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PMQs: Albatross! Albatross! Come and get your lovely Albatross!

Rarely, both the Prime Minister and the Opposition leader had reason to be absent from Prime Minister’s Questions today. So it was dear Harriet versus the Cleggster.

As an added twist, it turned into a “Higher Education Special”, in part spurred by the student demonstrations outside parliament as the session was unfolding. There were no less than ten questions on higher education. My, the Labour whips had been busy. Sadly this meant less time for the constituency issues often raised by MPs.

I witnessed the session live via Twitter, where Nick Clegg received a rather jaundiced reception – to put it mildly. When I look back on the video, it seems to me that Nick Clegg did a remarkably good job of what was probably the most difficult parliamentary session of his career. Indeed, he looked terrified beforehand, as Northern Irish questions overan.

Harman started by asking how Clegg’s April pledge to end university tuition fees was going.
Nick Clegg replied that:

..we have stuck to our wider ambition to make sure that going to university is done in a progressive way, so that people who are currently discouraged from going to university—bright people from poor backgrounds, who are discouraged by the system that we inherited from the right hon. and learned Lady’s Government—are able to do so. That is why our policy is more progressive than hers.

Harman said he hoped he’d tell that to the protestors outside and quoted him saying that fees of £7000 would be a “disaster” – so how would he describe fees of £9,000?

Nick Clegg said that there was a consensus that graduates should pay some contribution and added:
The proposals that we have put forward will mean that those who earn the least will pay much less than they do at the moment—while those who earn the most will pay over the odds to provide a subsidy to allow people from poor backgrounds to go to university—and will, for the first time, end the discrimination against the 40% of people in our universities who are part-time students, who were so shamefully treated by her Government.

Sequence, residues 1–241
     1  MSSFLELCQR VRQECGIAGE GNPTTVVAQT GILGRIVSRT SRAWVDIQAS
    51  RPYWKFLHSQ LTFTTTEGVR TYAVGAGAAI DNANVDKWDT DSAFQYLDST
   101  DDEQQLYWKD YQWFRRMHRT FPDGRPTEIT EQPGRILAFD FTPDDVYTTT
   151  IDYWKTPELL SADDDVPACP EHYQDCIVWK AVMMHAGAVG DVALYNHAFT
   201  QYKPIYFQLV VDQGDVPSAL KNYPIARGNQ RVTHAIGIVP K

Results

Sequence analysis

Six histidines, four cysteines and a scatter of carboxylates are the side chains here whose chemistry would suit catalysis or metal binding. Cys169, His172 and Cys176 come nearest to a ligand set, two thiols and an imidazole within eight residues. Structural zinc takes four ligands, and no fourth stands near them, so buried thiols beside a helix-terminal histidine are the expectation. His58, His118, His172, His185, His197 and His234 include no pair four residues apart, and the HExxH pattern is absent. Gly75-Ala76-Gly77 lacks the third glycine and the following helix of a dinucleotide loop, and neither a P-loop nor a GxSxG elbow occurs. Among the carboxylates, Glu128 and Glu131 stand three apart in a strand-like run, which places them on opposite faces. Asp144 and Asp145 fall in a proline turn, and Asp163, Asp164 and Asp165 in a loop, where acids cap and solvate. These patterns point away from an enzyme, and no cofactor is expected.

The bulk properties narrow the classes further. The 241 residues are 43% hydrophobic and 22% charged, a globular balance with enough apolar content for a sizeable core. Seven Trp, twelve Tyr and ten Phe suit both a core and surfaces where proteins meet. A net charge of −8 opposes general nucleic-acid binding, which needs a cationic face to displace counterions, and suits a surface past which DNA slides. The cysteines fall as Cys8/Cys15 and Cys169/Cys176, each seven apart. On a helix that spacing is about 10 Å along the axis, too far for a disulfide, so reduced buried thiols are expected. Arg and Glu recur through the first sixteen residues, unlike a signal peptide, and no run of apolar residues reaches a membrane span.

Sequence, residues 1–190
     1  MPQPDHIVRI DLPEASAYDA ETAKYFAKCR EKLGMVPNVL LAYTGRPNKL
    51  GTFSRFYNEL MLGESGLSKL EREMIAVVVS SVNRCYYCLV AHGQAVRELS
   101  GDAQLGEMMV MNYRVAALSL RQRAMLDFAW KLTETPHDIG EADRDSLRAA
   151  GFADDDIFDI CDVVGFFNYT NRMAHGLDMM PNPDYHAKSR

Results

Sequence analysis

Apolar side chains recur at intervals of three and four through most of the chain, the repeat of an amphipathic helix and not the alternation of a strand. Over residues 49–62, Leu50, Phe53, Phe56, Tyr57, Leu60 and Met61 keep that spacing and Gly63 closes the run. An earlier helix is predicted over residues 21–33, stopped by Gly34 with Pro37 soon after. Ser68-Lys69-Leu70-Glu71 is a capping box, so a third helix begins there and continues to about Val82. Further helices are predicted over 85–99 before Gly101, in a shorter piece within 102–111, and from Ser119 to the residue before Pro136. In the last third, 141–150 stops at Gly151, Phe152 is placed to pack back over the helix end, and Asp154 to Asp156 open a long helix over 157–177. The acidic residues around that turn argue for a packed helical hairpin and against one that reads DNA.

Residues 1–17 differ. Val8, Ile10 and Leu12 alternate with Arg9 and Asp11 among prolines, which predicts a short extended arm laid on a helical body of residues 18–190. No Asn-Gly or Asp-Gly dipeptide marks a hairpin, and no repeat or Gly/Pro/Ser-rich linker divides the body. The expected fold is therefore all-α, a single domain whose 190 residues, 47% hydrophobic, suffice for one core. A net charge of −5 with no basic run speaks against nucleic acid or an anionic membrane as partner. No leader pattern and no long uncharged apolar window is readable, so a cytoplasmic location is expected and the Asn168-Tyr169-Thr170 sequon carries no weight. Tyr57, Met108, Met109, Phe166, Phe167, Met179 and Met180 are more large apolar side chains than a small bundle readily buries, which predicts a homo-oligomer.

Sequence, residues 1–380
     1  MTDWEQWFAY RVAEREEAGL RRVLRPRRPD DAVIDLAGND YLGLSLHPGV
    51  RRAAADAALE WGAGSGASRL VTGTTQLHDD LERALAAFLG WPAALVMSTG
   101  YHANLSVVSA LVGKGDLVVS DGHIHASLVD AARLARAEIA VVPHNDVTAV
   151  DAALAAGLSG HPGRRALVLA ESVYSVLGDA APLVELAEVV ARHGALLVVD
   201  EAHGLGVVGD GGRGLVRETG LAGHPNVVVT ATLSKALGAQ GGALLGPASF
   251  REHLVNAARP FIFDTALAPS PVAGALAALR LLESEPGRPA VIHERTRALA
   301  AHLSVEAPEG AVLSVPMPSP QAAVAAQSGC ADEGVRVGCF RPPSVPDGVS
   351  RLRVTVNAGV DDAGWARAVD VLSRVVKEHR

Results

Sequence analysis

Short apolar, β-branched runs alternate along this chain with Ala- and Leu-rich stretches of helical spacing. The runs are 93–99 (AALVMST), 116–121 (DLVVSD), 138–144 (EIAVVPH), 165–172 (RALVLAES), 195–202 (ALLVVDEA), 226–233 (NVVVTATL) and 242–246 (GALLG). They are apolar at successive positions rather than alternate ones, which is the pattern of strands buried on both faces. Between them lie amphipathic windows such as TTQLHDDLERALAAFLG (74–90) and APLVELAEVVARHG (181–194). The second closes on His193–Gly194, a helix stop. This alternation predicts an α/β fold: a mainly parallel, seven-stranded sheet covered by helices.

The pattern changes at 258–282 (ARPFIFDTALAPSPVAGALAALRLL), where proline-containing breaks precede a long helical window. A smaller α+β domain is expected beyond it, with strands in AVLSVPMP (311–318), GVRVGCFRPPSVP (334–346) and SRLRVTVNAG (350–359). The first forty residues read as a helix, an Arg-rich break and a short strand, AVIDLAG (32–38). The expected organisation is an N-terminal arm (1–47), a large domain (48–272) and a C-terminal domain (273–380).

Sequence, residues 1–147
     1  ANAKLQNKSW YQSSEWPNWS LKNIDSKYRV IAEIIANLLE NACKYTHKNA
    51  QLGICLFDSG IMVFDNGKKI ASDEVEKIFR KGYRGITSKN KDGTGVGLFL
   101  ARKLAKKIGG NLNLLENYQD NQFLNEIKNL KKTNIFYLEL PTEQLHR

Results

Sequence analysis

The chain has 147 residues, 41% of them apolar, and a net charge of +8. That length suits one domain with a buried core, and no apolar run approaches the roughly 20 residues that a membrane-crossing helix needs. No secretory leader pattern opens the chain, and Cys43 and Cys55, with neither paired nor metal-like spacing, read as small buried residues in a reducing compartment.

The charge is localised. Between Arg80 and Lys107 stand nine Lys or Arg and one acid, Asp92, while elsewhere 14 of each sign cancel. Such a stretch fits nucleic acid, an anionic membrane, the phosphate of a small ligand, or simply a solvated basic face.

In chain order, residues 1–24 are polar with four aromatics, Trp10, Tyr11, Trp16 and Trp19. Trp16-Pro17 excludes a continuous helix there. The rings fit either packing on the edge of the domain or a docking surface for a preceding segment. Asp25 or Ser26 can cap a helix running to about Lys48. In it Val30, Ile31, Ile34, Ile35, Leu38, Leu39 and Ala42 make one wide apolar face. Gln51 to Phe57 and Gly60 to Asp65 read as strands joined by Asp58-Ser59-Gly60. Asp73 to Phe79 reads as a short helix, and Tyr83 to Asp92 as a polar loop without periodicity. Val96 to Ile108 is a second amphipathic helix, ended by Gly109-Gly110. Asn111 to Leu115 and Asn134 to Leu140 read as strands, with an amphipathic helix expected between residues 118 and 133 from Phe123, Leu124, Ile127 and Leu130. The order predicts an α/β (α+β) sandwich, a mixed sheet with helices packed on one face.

Harman, rightly, said that none of the Labour party agree with fees of £9000 a year. I think Harman was spot on when she said that this is not about the deficit. It will be cleared by the time the new tuition fees scheme starts. It’s about the proportion of graduate (what she described wrongly as “student”) funding versus public funding. Clegg was rather disingenuous when he referred to a consensus that graduates should pay “some” contribution. The government plans implies 100% graduate funding in some cases and 80-90% graduate funding in many cases. That’s all but getting rid of public funding.

Harman threw an attempted joke in: “We all know what it is like, Mr Speaker. You are at Freshers’ week. You meet up with a dodgy bloke and you do things that you regret. Is not the truth of it that the Deputy Prime Minister has been led astray by the Tories?”
We all know what that is like do we, Hattie? Ummmm let me think. I didn’t actually meet any dodgy blokes in Freshers’ Week, personally. I spent most of my entire year at University trying to find a dodgy woman but, sadly, failed.

Clegg then had an excellent riposte to Harman’s general thrust:

I know that the right hon. and learned Lady now thinks that she can reposition the Labour party as the champion of students, but let us remember the Labour party’s record: against tuition fees in 1997, but introduced them a few months later; against top-up fees in the manifesto in 2001, then introduced top-up fees. Then Labour set up the Browne review, which it is now trashing, and now the Labour party has a policy to tax graduates that half the Front-Bench team does not even believe in. Maybe she will go out to the students who are protesting outside now and explain what on earth her policy is.

All in all, I thought Clegg did an excellent job of outlining the fairness of the coalition’s plan while obviously being on the back foot, due to going back on the promise.

But an emailer to BBC Live called Robert Taylor put it very well: “Nick Clegg is not breaking his promise to the electorate regarding tuition fees; the LibDems did NOT win the election – had they done so they would not have increased the fees thereby keeping their promise.”

Quite frankly, whatever Nick Clegg does or says on this topic, people will always associate him and the Liberal Democrats with “breaking their promise on tuition fees”.

We can argue until we’re blue in the face that it was a daft promise to make in the first place, that Labour introduced tuition fees and increased them, that politics is the art of the possible, that the government plan is progressive and (as John Hemming has ingeniously put it) “a graduate tax in all but name”.

But, whatever we do or say, still the Tuition Fees Albatross will remain around our necks and that of Nick Clegg in particular for at least a generation. So we need to get used to that.

And for Monty Python fans: no, it doesn’t come with any wafers.

The Albatross sketch from Monty Python:

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